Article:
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Home | Interviews | Interview: Charles Band (Full Moon Features)

Interview: Charles Band (Full Moon Features)

Mastering the ability to create intriguing sci-fi, and horror films is a complex task. It’s an untamed adventure through the mind. Full Moon Features has traveled this chariot of darkness for over 30 years. Haunting the screen, Full Moon grabs ideas from the nether regions.  

Starting in 1976 as Empire Pictures, Charles and Richard Band have created over 200 films. Charles Band directs, produces, and writes. Richard, his Brother, has written countless scores for all genres. Closing Empire’s doors in the mid 80’s, and moving to the U.S. led the brothers into the wizard’s chambers again. The brothers changed the studio to Full Moon Productions. Band’s goal, create big budget style films. A producer removed the stress of big budget costs. The company teamed up with Paramount Pictures and Pioneer Home Entertainment. Their first release was Puppet Master, and it was a huge hit. In the early 90’s there are three more releases, and a company name change. Full Moon Paramount created Puppet Master 2.

In 1991, Full Moon introduces post movie documentaries called “Video Zone”. These film making commentaries were the finishing glazes on some Ginger-Dead. These follow ups where hosted by Executive Producer Charles Band. Band was trying to maintain a “comic book” style to Full Moon’s films. Full Moon’s line of characters spans the spectrum from the undead to warriors from distant lands.

Full Moon has staged master performers William Shatner, Demi Moore, and Helen Hunt. Special effects legends, such as, Frank Issacs and David Allen. They transmogrified fiction to reality. Fastening together the iconic visuals of Full Moon.

Full Moon successfully explores the realms of merchandising. Using the creatures, such as, the Gingerdead Man. This haunting creation stars in the Gingerdead Man 2: Passion of the Crust.

Band also entertains the masses. Charles hosts the Full Moon Horror Road Show. This bazaar is an annual tour around the country. The show includes puppets, rare film clips, interactive audience participation, and celebrity guest appearances. The show also includes unique merchandise, hot chicks, and live special effects demonstrations. I had the pleasure of speaking with, the man himself, Charles Band. I questioned Mr. Band about Full Moon’s future, philosophy, and history.

Sabreware: As I try to become a professional. I motif the idea science fiction and horror are the same. They both deal with the paranormal. Do you find this to be true?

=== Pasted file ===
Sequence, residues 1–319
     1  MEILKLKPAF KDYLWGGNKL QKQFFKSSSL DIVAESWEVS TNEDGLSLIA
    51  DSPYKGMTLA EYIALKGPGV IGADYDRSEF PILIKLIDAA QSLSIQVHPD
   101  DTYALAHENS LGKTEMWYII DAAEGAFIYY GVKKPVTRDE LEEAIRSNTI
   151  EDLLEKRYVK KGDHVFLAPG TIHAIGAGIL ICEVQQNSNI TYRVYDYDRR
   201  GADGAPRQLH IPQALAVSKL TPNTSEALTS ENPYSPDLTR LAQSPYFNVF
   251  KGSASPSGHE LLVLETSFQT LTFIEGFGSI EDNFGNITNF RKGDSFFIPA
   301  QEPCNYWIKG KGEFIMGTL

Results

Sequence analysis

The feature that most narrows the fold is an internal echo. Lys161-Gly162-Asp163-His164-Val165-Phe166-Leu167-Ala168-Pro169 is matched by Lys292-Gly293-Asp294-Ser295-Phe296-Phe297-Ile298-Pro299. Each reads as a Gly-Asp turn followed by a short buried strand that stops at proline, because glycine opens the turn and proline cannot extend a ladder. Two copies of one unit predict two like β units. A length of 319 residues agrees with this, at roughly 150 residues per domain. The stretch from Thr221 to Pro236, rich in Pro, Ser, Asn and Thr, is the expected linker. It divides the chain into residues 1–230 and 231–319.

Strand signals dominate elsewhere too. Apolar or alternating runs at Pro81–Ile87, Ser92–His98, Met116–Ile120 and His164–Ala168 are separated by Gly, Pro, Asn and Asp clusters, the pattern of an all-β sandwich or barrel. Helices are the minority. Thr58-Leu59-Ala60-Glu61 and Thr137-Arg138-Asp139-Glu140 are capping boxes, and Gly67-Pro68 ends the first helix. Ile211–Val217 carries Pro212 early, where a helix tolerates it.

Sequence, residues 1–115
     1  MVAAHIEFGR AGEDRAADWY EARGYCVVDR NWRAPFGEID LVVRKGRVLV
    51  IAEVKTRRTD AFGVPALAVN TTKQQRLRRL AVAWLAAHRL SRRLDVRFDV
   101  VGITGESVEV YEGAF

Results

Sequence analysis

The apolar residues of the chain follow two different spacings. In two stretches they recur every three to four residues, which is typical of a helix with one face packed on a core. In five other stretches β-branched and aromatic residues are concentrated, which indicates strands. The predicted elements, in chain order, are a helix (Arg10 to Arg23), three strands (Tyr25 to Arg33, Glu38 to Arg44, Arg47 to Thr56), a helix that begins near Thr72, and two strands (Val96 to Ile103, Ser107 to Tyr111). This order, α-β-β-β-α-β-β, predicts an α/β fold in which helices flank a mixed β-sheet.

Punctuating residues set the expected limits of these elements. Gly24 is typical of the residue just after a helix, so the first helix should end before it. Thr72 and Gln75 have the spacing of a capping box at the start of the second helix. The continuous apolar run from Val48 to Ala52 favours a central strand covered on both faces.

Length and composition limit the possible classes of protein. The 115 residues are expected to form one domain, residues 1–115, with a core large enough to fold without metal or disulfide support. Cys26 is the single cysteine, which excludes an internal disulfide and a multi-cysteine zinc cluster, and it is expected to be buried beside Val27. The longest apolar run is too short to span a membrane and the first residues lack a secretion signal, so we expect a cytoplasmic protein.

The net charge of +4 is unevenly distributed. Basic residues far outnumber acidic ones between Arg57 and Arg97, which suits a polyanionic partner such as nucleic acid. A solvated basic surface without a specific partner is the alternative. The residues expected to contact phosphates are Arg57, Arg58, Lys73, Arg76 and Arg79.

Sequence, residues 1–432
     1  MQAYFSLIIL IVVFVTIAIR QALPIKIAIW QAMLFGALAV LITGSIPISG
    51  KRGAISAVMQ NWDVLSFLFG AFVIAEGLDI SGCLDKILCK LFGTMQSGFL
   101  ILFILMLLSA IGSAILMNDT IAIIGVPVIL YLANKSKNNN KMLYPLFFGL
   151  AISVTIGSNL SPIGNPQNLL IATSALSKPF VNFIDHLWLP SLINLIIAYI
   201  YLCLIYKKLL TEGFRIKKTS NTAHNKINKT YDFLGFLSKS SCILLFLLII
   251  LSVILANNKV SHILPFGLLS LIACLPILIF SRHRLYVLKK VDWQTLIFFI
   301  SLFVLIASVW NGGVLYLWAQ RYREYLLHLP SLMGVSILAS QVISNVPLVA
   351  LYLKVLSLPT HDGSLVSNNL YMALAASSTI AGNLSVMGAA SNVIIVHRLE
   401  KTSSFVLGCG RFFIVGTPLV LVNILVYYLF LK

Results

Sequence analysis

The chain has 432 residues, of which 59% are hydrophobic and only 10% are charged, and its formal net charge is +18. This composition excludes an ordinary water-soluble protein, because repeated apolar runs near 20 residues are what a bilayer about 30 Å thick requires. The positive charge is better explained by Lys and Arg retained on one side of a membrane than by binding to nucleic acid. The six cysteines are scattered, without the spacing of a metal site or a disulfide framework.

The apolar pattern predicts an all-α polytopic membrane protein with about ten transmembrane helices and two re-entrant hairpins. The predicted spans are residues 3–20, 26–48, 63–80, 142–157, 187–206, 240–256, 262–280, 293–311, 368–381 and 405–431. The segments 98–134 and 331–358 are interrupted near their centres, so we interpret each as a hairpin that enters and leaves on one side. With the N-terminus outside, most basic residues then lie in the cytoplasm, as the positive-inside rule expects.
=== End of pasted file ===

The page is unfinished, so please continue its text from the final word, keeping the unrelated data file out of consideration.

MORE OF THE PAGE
CB: Ah..yeah, first of all. There are so many sub genres with both horror and sci fi. So many cross over. Even horror as a general label. Films within the horror genre are pretty variant, and go the different extremes. I think, there are classic horror films that border on science fiction. I’m not even sure what science fiction is any more, because both lines have been blurred.

When you think of the film The Exorcist, which is my favorite horror film, there’s some sci fi in there. It’s not just a ghost story. The lines are definitely blurred, and I think the themes crossover.

Sabreware: Which style do you prefer, horror or science fiction?

CB: Both equally, because when a movie is well made, and it really pulls you in, which is rare, it’s such a pleasure. When I get riveted to the screen, and forget everything else for two hours, that’s a rare movie. When you do that, whether it’s science fiction or horror, it’s just amazing. It’s not really the style, but the artistry of the film makers that creates something so compelling. Forgetting you’re in the theater or in front of the TV and just getting pulled into the story.

Sabreware: Your brother, Richard, and you have created amazing stories for 30 years. Did you attend the same college?

CB: No, neither of us went to any sort of college. Richard went to a music academy and I jumped right into movie making the second I was out of high school. I was very blessed. I apprenticed, my dad was a film maker. So, I got the best education ever. I, kind of, had on the job training. As I grew up I loved the craft of film making. I sort of married that with my love for science fiction and horror.

Sabreware: Can someone avoid college and still make it film?

CB: Absolutely, well it depends what you want to do in film. If you’re going to become a critic I think you need a pretty vast knowledge of movies and cinema. Nothing is more valuable than having the experience; depending on what you want to do. Working on the set, working with actors, working in the theater or assisting anyway possible. People ask me, “How do I get there, how do I do it?” Unfortunately, it’s an expensive art form, it’s not like buying a canvas and a brush.

Sabreware: You have an amazing portfolio turned into a killer line product. Do you plan on making other Full Moon characters or new characters for the shelves?

CB: Oh! Absolutely, that’s part of what I really enjoy, giving life to the creatures, puppets and dolls. I was and still am a big fan of Marvel Comics. I am hoping someday, to team up all the franchises I have created and have, I don’t know, a puppet-doll bash (laughter). Just because it is a lot of fun. Not every movie is right for this, but for the most part, especially, a lot of the pictures I’m producing now have their central characters, again, puppets, dolls or creatures that can all exist, at some time, in this full moon universe.

Sabreware: Thanks Charles.

CB: Hey, good luck with everything. I am happy to be part of it.

Thanks again Charles, I can’t wait for the next installment and collectable from Full Moon.

Submitted by Jermy Sackett

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